Windows 10 is a month old. Like every previous iteration of Windows, a new release is fraught with niggling bugs, odd changes and unexplained phenomena, and Windows 10 is no different. That itself is not a surprise, but there is an infuriating situation that occurs with the newest version of Windows.
Non-techie people, first of all, have no hope. Never did and never will. They will have to continue to rely on knowledgeable friends or India based customer service and all the attendant frustration. The folks that kind of, sort of, feel comfortable enough to attempt to solve their own computer problems now have to deal with a different but no less frustrating problem.
The Google-verse, faithful friend to the DIY computer troubleshooter, at this point in time, is just not up to snuff when you attempt to tease out information about Windows 10. Just about every online search I've made to learn about or solve a problem with my spanking new Windows 10 installation is cluttered with solutions to these problems for previous versions of Windows, not applicable to Windows 10. It makes sense, when you think about it, but that's no help for the here and now.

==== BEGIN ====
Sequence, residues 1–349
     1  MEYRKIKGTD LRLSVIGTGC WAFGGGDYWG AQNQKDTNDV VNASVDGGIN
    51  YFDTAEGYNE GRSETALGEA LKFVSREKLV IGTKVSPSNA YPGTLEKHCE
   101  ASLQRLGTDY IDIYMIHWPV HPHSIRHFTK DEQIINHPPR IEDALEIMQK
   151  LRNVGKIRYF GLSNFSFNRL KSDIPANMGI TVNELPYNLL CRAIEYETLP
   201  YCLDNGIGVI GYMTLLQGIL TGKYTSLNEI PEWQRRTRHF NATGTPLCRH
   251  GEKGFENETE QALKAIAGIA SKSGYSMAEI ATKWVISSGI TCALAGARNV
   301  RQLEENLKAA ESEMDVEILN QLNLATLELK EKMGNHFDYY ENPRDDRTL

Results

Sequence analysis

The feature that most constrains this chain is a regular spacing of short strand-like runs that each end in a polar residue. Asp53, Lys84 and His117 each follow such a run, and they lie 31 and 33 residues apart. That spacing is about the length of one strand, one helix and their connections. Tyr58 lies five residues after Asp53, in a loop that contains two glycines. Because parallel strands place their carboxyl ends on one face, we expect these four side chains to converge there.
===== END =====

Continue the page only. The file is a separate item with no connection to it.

I wish that Google could adjust their algorithms to account for this repeated phenomenon. A search for networking help should not return Windows XP info, particularly when the search specifies "Windows 10". The Windows XP info, with fourteen years of searches and hits obliterates info on the most recent release. There should be some kind of allowance by Google to account for this.
Of course, a properly documented operating system would make this a moot point, but I won't hold my breath waiting for Microsoft to provide reliable and searchable information on their most recent offering.